The 2020 Consciousness in the Physical World FQXi Award (project description here) supports Andersen’s research proposal to determine how we can quantify measurement of temporality as a tool to test theories of consciousness, especially the Integrated Information Theory of Consciousness (IITC). She will explore whether mathematical formulae can be identified as ‘time signatures’ of consciousness and if these can then be used for identification and prediction of consciousness in systems.
Award News: Award Gifts Time to Study a Moment in Time
Congratulations to Department of Philosophy professor, Holly Andersen, on her recent award from The Foundational Questions Institute (FQXi). The grant will allow Andersen to extend her ongoing research in the temporal structure of experience and the moment of consciousness to connect it to her other research on mathematical explanations.
The Temporality of Consciousness
Consciousness is unique as it’s always consciousness of something— and that something is always now. No matter what we are conscious of, that experience is now for us, and always changing in some way through time. Consciousness may also be impossible without spanning some small duration of time. And our consciousness always seems to involve the passage of time; we can choose to move in space, faster or slower, but we cannot change anything about the movement of time. But what is it about this time that is specifically unique to consciousness?
Consciousness as an Integrated Information System
“Experience is never just a single instant, it is always something slightly longer or with more depth,” explains Andersen, who plans to explore this by approaching consciousness as an integrated information system.
Using the IITC as a mathematical framework, she will examine whether the temporal features of consciousness can be expressed by or predicted from the mathematics of the theory alone, without going through neuroscience first. The ability of the IITC to predict, or fail to predict, temporal features of consciousness can serve as a confirmation or disconfirmation of the IITC as a theory of consciousness.
Testing the IITC
In essence, Andersen proposes to use her findings to test the IITC as a viable theory applicable to consciousness, that can explain or fit with its temporal features.
According to Andersen, “A really great outcome would be to discover that not only is there a characteristic behavior for the time variable(s) in integrated informational systems, but that this both matches phenomenological descriptions for human consciousness AND could be given a general mathematical description.”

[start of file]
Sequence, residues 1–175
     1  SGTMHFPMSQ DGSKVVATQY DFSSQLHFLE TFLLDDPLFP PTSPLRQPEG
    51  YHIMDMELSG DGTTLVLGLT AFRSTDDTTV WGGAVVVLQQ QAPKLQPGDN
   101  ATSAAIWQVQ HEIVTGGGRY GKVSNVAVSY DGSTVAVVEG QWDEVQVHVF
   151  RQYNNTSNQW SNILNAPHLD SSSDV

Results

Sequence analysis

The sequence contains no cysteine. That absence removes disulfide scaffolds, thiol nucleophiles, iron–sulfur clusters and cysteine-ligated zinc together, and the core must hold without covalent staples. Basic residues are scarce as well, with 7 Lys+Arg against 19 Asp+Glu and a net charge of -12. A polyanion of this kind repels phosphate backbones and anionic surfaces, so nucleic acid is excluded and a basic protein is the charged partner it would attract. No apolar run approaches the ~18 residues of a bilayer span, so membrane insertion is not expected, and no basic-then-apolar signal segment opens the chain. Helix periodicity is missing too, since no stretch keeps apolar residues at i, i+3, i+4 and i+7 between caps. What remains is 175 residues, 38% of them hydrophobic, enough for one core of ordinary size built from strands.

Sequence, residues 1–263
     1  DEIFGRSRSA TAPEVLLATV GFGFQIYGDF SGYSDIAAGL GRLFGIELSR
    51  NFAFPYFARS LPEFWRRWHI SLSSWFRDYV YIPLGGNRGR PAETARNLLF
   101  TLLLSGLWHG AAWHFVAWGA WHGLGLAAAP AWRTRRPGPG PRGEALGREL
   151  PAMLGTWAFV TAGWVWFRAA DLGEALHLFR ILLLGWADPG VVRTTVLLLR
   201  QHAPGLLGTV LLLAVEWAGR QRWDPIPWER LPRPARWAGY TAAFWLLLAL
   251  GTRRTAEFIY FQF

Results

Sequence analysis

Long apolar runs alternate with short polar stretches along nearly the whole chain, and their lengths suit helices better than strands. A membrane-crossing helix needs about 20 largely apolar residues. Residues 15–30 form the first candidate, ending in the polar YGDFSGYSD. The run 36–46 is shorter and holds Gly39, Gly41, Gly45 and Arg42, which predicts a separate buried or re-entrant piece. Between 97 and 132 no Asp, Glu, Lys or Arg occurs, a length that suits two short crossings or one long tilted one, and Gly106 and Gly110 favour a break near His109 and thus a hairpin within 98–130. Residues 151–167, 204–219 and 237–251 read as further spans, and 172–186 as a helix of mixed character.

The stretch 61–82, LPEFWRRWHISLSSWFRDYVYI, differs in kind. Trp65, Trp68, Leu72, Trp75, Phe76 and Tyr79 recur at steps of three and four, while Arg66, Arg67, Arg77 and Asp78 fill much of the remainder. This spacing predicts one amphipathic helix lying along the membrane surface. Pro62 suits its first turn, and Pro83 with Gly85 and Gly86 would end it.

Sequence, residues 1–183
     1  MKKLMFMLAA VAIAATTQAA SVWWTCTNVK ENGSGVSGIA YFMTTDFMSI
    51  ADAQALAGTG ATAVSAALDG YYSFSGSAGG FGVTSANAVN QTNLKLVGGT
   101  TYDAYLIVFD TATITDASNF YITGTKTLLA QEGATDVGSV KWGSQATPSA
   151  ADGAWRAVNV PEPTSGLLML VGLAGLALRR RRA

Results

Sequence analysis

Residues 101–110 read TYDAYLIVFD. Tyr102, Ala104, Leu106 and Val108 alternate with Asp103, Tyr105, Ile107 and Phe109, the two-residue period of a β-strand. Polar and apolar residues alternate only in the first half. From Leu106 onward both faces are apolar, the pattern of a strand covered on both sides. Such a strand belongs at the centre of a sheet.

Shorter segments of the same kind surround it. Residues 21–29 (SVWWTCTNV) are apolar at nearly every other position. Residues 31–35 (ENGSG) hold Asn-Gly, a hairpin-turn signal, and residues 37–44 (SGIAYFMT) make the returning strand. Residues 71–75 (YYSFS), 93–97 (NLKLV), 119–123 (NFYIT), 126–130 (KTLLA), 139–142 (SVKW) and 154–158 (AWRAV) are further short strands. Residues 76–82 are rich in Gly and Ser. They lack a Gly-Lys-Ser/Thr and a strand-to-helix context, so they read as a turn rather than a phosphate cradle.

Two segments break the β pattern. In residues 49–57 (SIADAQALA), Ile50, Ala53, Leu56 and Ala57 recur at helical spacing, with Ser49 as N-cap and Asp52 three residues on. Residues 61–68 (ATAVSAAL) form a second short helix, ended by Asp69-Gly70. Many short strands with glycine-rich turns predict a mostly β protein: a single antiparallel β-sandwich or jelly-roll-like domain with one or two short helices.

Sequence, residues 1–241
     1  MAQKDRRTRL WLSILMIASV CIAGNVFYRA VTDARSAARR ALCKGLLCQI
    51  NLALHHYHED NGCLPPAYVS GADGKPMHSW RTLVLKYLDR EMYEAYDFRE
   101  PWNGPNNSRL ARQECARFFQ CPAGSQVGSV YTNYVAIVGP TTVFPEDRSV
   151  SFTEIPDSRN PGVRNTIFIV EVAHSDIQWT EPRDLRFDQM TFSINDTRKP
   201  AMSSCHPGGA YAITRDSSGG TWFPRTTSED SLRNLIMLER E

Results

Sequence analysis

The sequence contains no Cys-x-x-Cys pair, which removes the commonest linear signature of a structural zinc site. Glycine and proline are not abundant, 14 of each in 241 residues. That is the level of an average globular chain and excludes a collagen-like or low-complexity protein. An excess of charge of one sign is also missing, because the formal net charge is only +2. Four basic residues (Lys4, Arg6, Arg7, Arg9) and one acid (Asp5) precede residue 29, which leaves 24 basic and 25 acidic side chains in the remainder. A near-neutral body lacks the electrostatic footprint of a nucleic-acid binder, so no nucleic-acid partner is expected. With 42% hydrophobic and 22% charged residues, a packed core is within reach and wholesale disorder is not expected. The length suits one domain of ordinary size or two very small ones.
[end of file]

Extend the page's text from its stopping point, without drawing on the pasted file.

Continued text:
A finding like this would give some validation as a generalized measure of consciousness - not just for humans, but for any system. For example, it could be used for AI, to see if candidate conscious AI had the characteristic time signatures indicating conscious experience.
“A non-biologically based criterion to ID consciousness, just using temporal features of consciousness, would be great,” she says, before noting that achieving a final version of this would be unlikely for a project this short.
Temporal Structure in the Integrated Information Theory of Consciousness involves the intersection of theories of consciousness, with phenomenology (or, the study of the intrinsic features of experience itself, as such, without asking about whether or not those experiences are accurate representations of anything outside of experience), and with mathematical physics, in the form of information theory.
Gift of Time
The FQXi awards aim to support foundational and unconventional research that might otherwise miss out on funding. The institute’s mission is to enable projects that are speculative and non-mainstream. Andersen will work with research assistants (RAs) to develop computer models that explore the mathematics involved in conjunction with considering philosophical issues in consciousness theory and the phenomenology of time consciousness. She hopes to derive a set of identifiable and mathematically formulated time signatures that are indicative of consciousness.
And in the same way that consciousness may be impossible without time, so is research. The award provides not only financial support for RAs but also a teaching release, gifting Andersen, who is also the department’s Graduate Chair, the time to study time. Support for research is extremely valuable.
“I am glad to be able to contribute so much service and teaching, but having this grant is a way of carving out more time to make sure my own research does not fall by the wayside,” Andersen says.
Philosophy IRL – Capture the Fleeting Moment, AI and Aliens
So where would something like this find a home in real life? If you’re not up-to-speed in philosophical research on time, consciousness and building equations that capture a fleeting moment, you’re probably wondering where this fits in with day-to-day life.
Andersen directs us to think less human and more machine, or even off world. If it were possible to identify a set of mathematically formulated time signatures that are indicative of consciousness, this could potentially drive identification of new instances of consciousness, such as in artificial intelligence.
“The most real-life impact would be the possibility of finding a characteristic time signature in terms of integrated informational connectivity in systems that would allow us to have some chance of diagnosing consciousness in deeply alien systems,” she says. “Like AI, or, if we are getting very un-real-world, like potentially conscious alien systems in a moon of Jupiter.”
As Andersen notes, “Finding flags for these ‘time signatures’ of consciousness could broaden the search to recognize conscious systems that may look very different than the human brain.”
Professor Andersen is teaching the following courses this year.
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